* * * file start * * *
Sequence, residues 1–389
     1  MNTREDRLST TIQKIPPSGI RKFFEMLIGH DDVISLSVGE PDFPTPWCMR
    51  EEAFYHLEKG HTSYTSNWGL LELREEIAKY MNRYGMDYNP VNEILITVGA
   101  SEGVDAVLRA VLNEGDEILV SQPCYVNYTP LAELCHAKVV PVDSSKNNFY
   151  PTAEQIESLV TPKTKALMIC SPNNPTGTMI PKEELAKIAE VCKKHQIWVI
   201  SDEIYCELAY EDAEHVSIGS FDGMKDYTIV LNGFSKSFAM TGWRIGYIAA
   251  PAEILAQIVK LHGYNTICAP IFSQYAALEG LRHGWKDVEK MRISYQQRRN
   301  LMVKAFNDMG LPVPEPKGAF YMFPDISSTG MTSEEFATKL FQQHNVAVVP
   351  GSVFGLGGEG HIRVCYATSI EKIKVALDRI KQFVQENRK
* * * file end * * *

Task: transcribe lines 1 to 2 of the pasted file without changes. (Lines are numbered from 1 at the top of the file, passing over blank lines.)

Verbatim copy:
Sequence, residues 1–389
     1  MNTREDRLST TIQKIPPSGI RKFFEMLIGH DDVISLSVGE PDFPTPWCMR